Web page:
Almost HolyCultureCinemaMovie reviews
“I’m going to be blunt” is a recurring phrase in Almost Holy, succinctly summing up the character at the film’s heart – Gennadiy Mokhnenko, or Pastor “Crocodile Gennadiy” – a man hewn from granite and fuelled by the burning desire to make his Ukrainian home a better place.
Mokhnenko tempers this innate directness with a profound sympathy for the scores of deeply damaged children he encounters on the streets of Mariupol. The melding of the blunt and sublime is present throughout, in both the central protagonist and the cinematography. Despite the nightmarish subject matter, the film is beautiful. Elements of its executive producer, Terrence Malick, are present both in the frequently stunning visuals and the sometimes meandering storytelling. Scenes range from the hazy and dreamlike to the visceral and grotesque. There is a forensic candidness to certain sequences such as Mokhnenko publicly shaming a teenager with AIDS for dealing the devastating drug Krokodil in his parish. Close-ups of skin peeling from the legs of adolescents like mould-ridden wallpaper in a condemned apartment block are followed by sun-dappled montages of the idyllic rural life that Mokhnenko leads with his scores of biological and adopted children.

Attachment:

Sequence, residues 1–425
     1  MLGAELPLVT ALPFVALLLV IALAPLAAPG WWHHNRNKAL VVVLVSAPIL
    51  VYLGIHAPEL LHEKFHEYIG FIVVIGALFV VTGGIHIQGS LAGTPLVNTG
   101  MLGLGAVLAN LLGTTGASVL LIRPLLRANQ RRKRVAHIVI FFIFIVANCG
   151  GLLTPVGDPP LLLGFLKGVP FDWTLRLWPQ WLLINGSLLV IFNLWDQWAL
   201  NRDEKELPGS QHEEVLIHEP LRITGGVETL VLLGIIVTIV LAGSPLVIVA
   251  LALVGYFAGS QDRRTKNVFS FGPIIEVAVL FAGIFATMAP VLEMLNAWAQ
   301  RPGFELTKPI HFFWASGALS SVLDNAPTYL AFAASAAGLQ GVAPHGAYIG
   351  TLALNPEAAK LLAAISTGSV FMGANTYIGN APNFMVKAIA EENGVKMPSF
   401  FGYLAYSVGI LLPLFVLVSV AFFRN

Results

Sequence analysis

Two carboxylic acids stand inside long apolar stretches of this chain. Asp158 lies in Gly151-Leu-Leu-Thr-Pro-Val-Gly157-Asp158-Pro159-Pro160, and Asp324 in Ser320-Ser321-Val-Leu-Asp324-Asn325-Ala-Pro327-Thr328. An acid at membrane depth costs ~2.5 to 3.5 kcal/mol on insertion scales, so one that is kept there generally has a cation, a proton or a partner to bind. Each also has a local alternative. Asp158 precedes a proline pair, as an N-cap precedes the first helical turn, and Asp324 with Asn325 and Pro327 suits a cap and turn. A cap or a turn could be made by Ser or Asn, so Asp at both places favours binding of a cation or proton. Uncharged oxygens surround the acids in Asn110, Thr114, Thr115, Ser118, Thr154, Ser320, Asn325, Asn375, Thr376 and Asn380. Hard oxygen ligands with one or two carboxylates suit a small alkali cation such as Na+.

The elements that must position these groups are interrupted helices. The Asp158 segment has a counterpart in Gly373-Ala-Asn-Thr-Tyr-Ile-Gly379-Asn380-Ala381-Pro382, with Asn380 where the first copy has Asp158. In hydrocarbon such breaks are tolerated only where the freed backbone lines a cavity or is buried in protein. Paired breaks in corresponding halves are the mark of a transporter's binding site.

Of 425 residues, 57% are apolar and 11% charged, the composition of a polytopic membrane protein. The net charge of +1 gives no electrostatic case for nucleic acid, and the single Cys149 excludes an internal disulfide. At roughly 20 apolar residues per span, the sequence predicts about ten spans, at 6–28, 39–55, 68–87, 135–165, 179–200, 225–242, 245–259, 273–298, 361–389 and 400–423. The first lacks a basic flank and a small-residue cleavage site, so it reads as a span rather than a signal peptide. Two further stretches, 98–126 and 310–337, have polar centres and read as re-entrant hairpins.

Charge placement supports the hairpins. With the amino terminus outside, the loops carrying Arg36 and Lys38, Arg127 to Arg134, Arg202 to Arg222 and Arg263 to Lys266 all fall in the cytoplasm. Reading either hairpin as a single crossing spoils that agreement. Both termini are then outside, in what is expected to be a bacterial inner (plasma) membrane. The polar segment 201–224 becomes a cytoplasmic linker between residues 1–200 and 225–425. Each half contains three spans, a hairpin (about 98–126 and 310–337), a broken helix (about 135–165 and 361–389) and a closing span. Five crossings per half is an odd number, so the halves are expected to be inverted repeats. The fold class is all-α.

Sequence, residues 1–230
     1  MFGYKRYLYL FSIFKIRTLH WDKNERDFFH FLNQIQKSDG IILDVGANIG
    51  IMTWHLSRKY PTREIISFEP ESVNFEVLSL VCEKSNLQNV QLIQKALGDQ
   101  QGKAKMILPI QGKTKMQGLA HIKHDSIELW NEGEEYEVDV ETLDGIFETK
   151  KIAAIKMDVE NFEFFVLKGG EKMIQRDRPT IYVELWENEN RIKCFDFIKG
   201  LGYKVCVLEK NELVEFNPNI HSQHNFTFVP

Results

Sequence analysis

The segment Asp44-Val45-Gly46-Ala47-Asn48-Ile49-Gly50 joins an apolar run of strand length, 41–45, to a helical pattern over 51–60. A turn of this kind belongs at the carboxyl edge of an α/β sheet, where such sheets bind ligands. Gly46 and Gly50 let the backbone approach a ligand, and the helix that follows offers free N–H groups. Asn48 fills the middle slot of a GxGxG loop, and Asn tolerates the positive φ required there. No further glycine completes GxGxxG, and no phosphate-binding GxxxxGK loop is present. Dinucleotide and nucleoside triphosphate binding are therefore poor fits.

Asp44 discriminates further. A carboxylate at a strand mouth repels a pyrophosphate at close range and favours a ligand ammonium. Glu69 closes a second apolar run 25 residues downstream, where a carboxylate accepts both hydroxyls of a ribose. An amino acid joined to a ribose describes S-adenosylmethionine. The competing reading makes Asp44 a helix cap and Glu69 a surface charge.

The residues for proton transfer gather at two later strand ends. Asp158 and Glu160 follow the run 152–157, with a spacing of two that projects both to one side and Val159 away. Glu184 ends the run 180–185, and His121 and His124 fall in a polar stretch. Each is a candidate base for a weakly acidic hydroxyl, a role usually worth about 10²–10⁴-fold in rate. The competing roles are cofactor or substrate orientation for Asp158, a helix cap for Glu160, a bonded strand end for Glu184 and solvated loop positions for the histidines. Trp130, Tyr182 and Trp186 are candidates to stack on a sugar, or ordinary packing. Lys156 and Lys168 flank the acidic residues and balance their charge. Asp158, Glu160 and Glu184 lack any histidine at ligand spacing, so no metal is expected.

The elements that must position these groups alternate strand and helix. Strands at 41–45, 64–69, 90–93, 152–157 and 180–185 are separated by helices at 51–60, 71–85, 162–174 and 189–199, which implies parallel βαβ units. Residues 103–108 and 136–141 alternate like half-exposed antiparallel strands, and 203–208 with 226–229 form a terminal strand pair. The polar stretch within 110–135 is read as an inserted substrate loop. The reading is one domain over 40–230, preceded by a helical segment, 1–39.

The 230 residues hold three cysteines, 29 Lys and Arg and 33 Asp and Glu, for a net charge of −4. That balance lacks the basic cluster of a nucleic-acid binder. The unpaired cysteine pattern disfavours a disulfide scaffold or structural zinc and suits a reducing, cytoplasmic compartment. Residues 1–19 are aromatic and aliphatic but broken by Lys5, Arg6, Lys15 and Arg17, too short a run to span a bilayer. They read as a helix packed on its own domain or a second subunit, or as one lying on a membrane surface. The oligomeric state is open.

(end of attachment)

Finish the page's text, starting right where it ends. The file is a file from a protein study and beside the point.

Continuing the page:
Generational backlash is at the heart of Almost Holy and placed in national context as the story progresses. The pastor’s own battle to house every orphan in Mariupol is jeopardised, along with everything in the country, by the escalating tensions between Russia and Ukraine, as the latter looks to join the EU. As foreign soldiers are stationed ever more offensively on Ukrainian borders, a palpable sense of the fear and uncertainty spreads throughout the country, caused by a conflict even a man like Mokhnenko is unable to face off.
Mokhnenko is undeniably a charismatic figure, but we are rarely given a sense of his darker, more intriguing side promised by the film’s title. While his actions could be more aptly described as “always” holy as opposed to “almost,” morality is never painted entirely in black and white. Despite a lack of internal conflict in the pastor himself, his struggle, and the film as a whole, makes for captivating viewing.
Almost Holy is released in selected cinemas on 19th August 2016.
Watch the trailer for Almost Holy here: